New job opportunities will also be available once the center is open.  “It’s going to take a lot of people,” said Robinson.  “We plan to hire between 300 to 400 employees, and when we open, we will be pushing close to 4,000 employees that work at this property and at Valley River in Murphy.”

FUTURE: Tribal Council Chairman Adam Wachacha speaks during Tuesday’s event which he called a great day for the Eastern Band of Cherokee Indians.

Tribal Council Chairman Adam Wachacha said the idea for a convention center has been around since the late 1990s.  “It’s taken awhile to get here, but it’s here, and we’re glad it’s here.  I appreciate the previous Tribal Councils, the TCGE, Harrah’s Casino, and all of the hard work that has been put into this project.  Today is truly a great day for the Eastern Band of Cherokee Indians.”

He added, “When we look at projects, one of the sayings is, ‘we look at seven generations ahead’, so, my grandkids and their grandkids hopefully will have something truly to work toward and look forward to and look to the future.”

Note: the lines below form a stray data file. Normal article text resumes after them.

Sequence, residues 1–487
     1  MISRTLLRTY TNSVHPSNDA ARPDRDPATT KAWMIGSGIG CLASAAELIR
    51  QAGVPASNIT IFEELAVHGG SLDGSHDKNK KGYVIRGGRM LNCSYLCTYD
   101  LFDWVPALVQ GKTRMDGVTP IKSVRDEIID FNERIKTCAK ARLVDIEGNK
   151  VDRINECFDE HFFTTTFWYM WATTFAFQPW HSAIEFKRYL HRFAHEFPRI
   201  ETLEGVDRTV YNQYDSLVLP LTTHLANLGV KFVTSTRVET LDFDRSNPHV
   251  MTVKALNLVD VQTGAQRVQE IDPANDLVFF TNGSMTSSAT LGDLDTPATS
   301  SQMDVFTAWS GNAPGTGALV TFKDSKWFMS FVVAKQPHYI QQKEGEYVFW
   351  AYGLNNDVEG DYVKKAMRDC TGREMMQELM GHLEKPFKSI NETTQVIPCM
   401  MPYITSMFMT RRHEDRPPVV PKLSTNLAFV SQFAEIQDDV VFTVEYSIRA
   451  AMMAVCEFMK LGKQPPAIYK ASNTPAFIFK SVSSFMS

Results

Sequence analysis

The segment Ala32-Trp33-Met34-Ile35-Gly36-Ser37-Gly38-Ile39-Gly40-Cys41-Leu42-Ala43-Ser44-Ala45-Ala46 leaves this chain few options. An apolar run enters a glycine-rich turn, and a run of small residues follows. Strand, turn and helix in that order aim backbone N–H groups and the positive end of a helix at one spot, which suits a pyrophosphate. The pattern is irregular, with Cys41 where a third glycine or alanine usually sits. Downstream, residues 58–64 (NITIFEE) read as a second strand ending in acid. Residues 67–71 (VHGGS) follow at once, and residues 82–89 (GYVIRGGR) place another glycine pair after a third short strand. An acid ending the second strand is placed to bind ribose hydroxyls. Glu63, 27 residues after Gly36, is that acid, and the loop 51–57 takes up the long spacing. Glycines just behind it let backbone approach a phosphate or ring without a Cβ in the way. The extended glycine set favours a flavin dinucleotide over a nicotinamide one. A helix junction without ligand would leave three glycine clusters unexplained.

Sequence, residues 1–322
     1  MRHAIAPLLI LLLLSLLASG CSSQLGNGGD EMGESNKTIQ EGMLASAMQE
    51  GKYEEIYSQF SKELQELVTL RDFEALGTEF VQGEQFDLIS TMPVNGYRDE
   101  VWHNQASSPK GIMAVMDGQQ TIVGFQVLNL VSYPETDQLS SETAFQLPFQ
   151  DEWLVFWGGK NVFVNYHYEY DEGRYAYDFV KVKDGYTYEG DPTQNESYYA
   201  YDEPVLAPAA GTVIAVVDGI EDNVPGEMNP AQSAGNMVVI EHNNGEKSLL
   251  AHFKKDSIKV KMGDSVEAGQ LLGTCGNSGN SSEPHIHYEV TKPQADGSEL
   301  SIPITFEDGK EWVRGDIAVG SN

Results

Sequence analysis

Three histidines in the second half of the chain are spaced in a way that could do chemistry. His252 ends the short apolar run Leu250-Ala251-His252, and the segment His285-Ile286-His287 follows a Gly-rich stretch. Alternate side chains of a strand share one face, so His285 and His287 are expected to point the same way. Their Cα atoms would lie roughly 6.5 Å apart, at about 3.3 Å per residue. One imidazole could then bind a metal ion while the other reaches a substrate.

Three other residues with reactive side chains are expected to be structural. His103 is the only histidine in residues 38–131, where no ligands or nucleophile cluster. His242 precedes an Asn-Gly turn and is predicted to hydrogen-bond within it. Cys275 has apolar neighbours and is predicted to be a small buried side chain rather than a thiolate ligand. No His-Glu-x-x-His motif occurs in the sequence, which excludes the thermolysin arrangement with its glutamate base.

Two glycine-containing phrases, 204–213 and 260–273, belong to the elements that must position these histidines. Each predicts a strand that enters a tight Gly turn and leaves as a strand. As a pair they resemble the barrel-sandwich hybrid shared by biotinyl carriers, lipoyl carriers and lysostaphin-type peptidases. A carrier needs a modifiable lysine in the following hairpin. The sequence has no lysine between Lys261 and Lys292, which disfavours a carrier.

Jim Owle, TCGE chairman, noted, “I just want to say thank you to Tribal Council.  I’d like to give you guys a hand again because without any of this, none of these projects would ever go.”

Greg Hnedak is the founder of Dreamcatcher Hotels, the firm chosen to head the development of the convention center project.  The firm, based in Memphis, Tenn., has worked on various projects throughout the region including the Seven Clans Hotel for the Coushatta Tribe in Kinder, La.

“On behalf of the Dreamcatchers Hotels, I would like to thank the Tribal Casino Gaming Enterprise for their confidence and, most importantly, their trust in selecting us to lead this development – a very milestone project,” said Hnedak.  “I say milestone because this resort, with all of its continued success, will now add regional convention as a new attraction to a relatively new and larger customer base.”

The expansion will also include retail shopping space, but the exact nature of that has not been determined yet.

A rendering of the upcoming Convention Center at Harrah’s Cherokee Casino Resort (graphic courtesy of Harrah’s Cherokee)